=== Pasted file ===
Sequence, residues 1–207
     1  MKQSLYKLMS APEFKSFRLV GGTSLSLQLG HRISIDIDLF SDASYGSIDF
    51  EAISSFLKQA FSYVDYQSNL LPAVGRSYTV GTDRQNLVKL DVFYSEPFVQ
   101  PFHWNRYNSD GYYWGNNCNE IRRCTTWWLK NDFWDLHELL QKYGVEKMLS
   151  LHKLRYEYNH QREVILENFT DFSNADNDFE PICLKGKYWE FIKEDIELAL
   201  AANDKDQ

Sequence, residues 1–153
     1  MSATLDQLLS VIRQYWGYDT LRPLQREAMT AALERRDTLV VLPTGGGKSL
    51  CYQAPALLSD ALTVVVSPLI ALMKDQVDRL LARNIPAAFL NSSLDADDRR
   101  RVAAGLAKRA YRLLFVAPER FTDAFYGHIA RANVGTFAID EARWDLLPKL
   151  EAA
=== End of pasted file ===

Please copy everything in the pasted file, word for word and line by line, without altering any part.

Sequence, residues 1–207
     1  MKQSLYKLMS APEFKSFRLV GGTSLSLQLG HRISIDIDLF SDASYGSIDF
    51  EAISSFLKQA FSYVDYQSNL LPAVGRSYTV GTDRQNLVKL DVFYSEPFVQ
   101  PFHWNRYNSD GYYWGNNCNE IRRCTTWWLK NDFWDLHELL QKYGVEKMLS
   151  LHKLRYEYNH QREVILENFT DFSNADNDFE PICLKGKYWE FIKEDIELAL
   201  AANDKDQ

Sequence, residues 1–153
     1  MSATLDQLLS VIRQYWGYDT LRPLQREAMT AALERRDTLV VLPTGGGKSL
    51  CYQAPALLSD ALTVVVSPLI ALMKDQVDRL LARNIPAAFL NSSLDADDRR
   101  RVAAGLAKRA YRLLFVAPER FTDAFYGHIA RANVGTFAID EARWDLLPKL
   151  EAA